CORNWALLIS, Sir William (c.1549-1611), of Brome Hall, Suff. and London.
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Family and Education
b. c.1549, 1st s. of Sir Thomas Cornwallis† of Brome Hall by Anne, da. of John Jerningham of Somerleyton; bro. of Sir Charles. educ. Trinity Coll. Camb. 1560, Trinity Hall by 1564. m. (1) Lucy (d. 30 Apr. 1608), da. and coh. of John Neville, 4th Lord Latimer, 2s. 4da.; (2) 1608, Jane (d.1659), da. of Hercules Mewtas of West Ham, Essex, 1s. Frederick. Kntd. by 1594; suc. fa. 1604.
J.p. Mdx. from 1601.
The Cornwallis family had held the manor of Brome since the middle of the fifteenth century. Cornwallis’s father, Queen Mary’s comptroller of the household, was a Catholic, and retired to his estates on the accession of Queen Elizabeth.
Cornwallis was related to the Cecils through the marriage of his sister-in-law, Dorothy Neville, to Thomas Cecil, later 1st Earl of Exeter, a connexion on which he traded heavily. By his own account he first went to court in 1570, when he would have been about 21, and lost his youth and £20,000 in service there. He was married by 1578 when his father wrote to Burghley disapproving of his daughter-in-law and of the young couple ‘living about this city’ instead of leading a country life. Next Cornwallis incurred the Queen’s displeasure for leaving court in a ‘foolish fit of discontent’. Neither the date of his knighthood, nor the reason for it has been ascertained, and in 1594 he was again in disgrace for quarrelling with a Surrey recusant named Charles Arundel over cards and wine, an incident which almost ended on Islington fields. In the mid 1590s he withdrew from court again, and offered his Highgate house to Sir Robert Cecil at bargain price, praying his constant favour, good opinion, regard and remembrance if he saw any door open ‘of place or profit for me to enter of’. In 1597 he claimed to have deputized as groom porter for the last 16 years, during the illness and old age of a relative, and asked for the reversion of the place. Thus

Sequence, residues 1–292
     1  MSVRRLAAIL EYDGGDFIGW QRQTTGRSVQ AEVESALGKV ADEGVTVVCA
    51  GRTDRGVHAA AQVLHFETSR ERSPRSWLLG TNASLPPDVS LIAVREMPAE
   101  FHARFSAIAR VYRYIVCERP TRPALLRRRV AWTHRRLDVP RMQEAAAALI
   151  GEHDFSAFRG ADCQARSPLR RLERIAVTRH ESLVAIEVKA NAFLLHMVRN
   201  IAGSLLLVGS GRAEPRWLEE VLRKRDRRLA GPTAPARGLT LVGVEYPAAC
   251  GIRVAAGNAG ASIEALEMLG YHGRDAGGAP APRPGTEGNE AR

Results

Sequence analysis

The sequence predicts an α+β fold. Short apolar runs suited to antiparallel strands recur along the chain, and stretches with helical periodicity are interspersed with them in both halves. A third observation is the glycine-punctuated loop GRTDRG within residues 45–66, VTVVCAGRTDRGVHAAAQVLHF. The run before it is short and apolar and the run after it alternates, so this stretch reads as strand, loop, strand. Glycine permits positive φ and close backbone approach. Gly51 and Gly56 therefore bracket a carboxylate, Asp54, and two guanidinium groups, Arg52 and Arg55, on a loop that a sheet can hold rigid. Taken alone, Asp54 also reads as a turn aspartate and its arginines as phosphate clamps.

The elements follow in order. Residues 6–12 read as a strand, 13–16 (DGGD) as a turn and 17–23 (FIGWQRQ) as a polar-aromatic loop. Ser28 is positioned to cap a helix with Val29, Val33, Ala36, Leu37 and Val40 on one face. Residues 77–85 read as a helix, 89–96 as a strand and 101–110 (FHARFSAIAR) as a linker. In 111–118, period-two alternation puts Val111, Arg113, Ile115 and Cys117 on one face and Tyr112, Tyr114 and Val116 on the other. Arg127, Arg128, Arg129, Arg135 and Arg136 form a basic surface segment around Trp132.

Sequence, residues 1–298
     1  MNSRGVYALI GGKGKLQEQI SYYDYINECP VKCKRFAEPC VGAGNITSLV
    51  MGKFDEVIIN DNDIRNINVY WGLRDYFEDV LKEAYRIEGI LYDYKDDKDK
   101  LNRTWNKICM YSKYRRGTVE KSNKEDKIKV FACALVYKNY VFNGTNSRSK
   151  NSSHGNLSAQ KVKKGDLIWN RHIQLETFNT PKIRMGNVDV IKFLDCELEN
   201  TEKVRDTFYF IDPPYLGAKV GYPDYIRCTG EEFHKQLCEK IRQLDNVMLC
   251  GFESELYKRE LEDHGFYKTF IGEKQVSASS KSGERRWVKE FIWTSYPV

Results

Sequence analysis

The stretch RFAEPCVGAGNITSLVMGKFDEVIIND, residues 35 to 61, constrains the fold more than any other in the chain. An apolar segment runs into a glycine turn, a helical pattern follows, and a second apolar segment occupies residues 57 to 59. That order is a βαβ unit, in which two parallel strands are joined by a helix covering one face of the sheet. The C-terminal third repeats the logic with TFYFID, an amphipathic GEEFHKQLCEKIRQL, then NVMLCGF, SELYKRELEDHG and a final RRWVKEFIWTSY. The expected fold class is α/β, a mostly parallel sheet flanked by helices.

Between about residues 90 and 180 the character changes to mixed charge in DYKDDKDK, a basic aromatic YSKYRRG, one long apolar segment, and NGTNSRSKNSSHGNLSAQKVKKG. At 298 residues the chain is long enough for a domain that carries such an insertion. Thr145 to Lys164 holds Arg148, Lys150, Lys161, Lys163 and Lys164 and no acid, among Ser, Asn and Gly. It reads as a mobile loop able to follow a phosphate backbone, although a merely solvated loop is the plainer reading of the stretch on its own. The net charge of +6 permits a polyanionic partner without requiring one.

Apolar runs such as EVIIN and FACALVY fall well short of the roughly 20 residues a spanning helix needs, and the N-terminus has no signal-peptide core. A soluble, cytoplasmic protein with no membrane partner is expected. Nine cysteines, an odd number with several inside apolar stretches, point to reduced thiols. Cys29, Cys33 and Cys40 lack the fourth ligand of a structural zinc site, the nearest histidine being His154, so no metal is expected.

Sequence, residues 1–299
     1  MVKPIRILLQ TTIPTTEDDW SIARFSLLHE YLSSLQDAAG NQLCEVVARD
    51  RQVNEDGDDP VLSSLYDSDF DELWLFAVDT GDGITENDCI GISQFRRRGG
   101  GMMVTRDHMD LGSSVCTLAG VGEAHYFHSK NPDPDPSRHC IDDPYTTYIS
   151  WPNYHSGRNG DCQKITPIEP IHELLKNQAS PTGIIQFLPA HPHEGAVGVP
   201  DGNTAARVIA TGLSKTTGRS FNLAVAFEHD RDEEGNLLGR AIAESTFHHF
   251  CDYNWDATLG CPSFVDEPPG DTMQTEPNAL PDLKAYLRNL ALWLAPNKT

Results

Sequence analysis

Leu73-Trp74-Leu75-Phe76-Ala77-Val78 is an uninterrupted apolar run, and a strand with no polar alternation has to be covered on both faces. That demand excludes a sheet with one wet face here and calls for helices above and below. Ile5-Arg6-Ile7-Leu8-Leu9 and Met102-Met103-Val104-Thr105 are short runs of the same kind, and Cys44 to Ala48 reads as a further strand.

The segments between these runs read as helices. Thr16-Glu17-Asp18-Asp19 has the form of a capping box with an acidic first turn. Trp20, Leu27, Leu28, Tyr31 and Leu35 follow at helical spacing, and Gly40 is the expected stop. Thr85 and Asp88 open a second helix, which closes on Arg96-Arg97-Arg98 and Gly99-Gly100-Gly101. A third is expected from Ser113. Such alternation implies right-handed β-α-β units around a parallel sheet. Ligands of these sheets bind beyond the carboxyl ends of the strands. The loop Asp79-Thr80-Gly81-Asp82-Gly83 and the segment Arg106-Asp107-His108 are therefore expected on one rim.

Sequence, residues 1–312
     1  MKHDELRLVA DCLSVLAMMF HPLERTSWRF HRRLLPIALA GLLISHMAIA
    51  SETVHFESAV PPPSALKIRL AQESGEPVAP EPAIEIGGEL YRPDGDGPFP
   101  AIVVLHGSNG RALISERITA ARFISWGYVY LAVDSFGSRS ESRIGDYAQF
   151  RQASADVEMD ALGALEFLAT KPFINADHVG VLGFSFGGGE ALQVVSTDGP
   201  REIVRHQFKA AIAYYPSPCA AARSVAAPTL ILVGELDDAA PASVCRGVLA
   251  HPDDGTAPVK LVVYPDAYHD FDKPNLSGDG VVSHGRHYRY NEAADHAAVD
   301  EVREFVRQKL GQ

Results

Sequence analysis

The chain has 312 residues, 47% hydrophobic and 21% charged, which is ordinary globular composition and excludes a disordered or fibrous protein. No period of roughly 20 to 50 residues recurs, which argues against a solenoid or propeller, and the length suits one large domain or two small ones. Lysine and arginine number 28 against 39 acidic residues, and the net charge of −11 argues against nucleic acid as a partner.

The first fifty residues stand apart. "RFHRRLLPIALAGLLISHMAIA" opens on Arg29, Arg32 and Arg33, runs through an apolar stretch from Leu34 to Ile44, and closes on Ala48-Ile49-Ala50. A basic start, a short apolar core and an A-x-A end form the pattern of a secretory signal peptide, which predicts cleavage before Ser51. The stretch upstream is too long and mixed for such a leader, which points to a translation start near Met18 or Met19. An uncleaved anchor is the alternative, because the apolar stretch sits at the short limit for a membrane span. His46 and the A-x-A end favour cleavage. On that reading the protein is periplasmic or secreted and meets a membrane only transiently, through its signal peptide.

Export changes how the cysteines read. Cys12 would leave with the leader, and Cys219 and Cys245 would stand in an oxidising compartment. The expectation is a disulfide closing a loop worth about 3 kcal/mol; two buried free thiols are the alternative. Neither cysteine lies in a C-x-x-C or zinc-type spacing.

I may have a poor chamber in court, and a fire, and a title to bring ... cards into the privy chamber at 10 o’clock at night. So that I may be about her Majesty, I care not to be groom of the scullery.
He did not get the job, but for some reason Cecil went to some trouble to bring him into that year’s Parliament, first thinking of Ripon, then, on a re-arrangement of seats at his disposal, for a Cornish borough. To his credit Cornwallis was no passenger in the House of Commons. He was appointed to committees on monopolies (10 Nov., 8 Dec.), the lands of Sir Henry Unton (21 Nov.), the poor law (22 Nov. 1597, 12 Jan. 1598), lands of Norwich diocese (5 Dec. 1597 and 16 Jan. 1598), the painter stainers (12 Dec.) and the lands of two brothers named Culpepper (20 Jan.). He took part in a conference with the Lords on defence, 12 Jan. 1598.
Towards the end of the reign Cecil obtained for him some small office, which Cornwallis later declared was never ‘worth the wax’. He hoped, vainly as it turned out, that in the new reign James I would restore his estate, ‘shrunk and shaken with so many years’ service to a prince, utterly without reward’, and, doubtless, with as many years frequenting the taverns and card tables which feature in his correspondence. He hoped that King James would send him to Venice, on the mission which was entrusted to Anthony Standen, but, again disappointed, he informed